Latin Legacy Series: From Mambo to Salsa!
In the 1950’s there was the dance craze of mambo, cha cha cha and rumba, and Machito’s Orchestra was the first orchestra to play Latin Jazz. The band presented the famed Tito Puente, who was the first to play the timbales with a cymbal. He got out in front of the audience and soloed on timbales with the Machito Orchestra that featured the celebrated Tito Rodriguez Sr. singer, dancer and timbales drummer.
The mambo craze brought many folks out of their homes to learn the new dances. Jews, Latinos, Afro-Americans, all wanted to learn and have fun after a hard week’s work. Some even took private lessons to be part of the fun and fabulous craze!
As José Conzo states in his book, Mambo Diablo, My Journey with Tito Puente, Tito would fly from New York to Cuba to see what was happening in the music industry in Cuba, and then fly back! Dámaso Pérez Prado, on the other hand, had already become famous in Mexico with the mambo and many thought that he was the creator of the mambo.
Prado created a different syncopation of the mambo that was very popular, and is still popular to this day, with the Mexican people! Machito was the first and set the standards for Latin Jazz, mambo, and cha cha cha. He played at the famed Palladium Ballroom.
Playing with Machito was his son, Mario Grillo, whom I am interviewing. I admire him greatly for his work playing timbales, congas and bongo drums with his father “Machito”.
When I was young, I used to be a DJ for a college radio station and received DJ copies of LP’s from Fantasy Records, courtesy of Cal Tjader. Tito Puente had Tico Records and sent me DJ copies from Tico, Alegre and Roulette records.
The first time I heard the term salsa was from a New York radio publicist from Tico, Yolanda Monge, who sent a newsletter from Tico Records out to the DJs. It was called “Salsa Dice” (salsa says), coining a new term for mambo music, which is still in existence today!
Salsa is a new term for mambo, created in the 1970s. When Tito Puente was asked about salsa music, he would say it was just “sauce”, appearing not to want to acknowledge the new term, since it was mambo in the newest form.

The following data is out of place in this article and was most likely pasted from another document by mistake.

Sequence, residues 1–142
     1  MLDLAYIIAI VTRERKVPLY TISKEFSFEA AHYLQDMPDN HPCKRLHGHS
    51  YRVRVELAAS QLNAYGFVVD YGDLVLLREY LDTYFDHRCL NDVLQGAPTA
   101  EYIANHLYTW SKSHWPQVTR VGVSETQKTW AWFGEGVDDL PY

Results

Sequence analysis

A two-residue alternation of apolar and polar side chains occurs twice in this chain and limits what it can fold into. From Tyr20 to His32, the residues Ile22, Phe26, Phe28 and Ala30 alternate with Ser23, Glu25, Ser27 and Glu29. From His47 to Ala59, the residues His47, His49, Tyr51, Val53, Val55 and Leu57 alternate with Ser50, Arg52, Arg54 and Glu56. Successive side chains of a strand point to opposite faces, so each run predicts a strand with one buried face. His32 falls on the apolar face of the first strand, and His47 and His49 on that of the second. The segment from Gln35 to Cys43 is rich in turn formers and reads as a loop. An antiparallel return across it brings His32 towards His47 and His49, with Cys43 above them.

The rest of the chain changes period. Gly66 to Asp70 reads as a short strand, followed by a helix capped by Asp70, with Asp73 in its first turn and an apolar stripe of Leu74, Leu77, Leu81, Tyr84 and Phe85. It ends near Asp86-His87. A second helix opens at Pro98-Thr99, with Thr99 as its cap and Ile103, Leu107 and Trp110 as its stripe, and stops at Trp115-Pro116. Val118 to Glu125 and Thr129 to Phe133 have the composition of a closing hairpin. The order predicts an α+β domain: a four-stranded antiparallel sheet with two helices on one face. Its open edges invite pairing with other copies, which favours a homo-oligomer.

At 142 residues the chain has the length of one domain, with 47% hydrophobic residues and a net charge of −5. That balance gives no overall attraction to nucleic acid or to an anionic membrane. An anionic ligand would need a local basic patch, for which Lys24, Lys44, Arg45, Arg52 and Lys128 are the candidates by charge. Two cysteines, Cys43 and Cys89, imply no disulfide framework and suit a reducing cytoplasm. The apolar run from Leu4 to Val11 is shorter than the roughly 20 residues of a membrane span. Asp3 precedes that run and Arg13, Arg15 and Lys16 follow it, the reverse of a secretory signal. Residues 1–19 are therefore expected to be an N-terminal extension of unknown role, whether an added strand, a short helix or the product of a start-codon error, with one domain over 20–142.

All in all, if Machito, the famed maraca player, hadn’t arrived from Cuba to New York, all of this music history would have not happened. As a young timbales drummer and DJ, I tried to expose my friends and young musician friends to salsa music, and we would try to find anything we could about Latin Music from New York City, and even had friends bring us a copy of the Latin N.Y. Magazine, with stories about the artists.
Tico Records sent me LPs of Menique, Yayo El Indio, Eddie Palmieri, Charlie Palmieri and even tickets to the famous Tico-Alegre Concert in Carnegie Hall in New York City that was recorded and has become part of Latin music history.
These articles are meant to share the knowledge of mambo to salsa with the original artists that were there playing the music and to assist young musicians that are on a musical path, teaching you things that you cannot learn in books from the legends themselves and to assist the newcomers to Latin music.
The interviews are for the lovers of mambo and salsa and I hope you enjoy this interview and the upcoming great interviews and would appreciate the feedback from your community. The artists being interviewed would also enjoy it as well.
Mario, when you were young, and your father was already a musical legend, what thoughts went through your mind about him, and what attracted you to Latin music?
The first thing is, “we did not know he was a living legend’’, he never told us. He was just Daddy. My attraction was the tremendous amount of joy the music gave him. That was my connection, pure joy.
Where you born and raised in New York? Tell us a little about your childhood?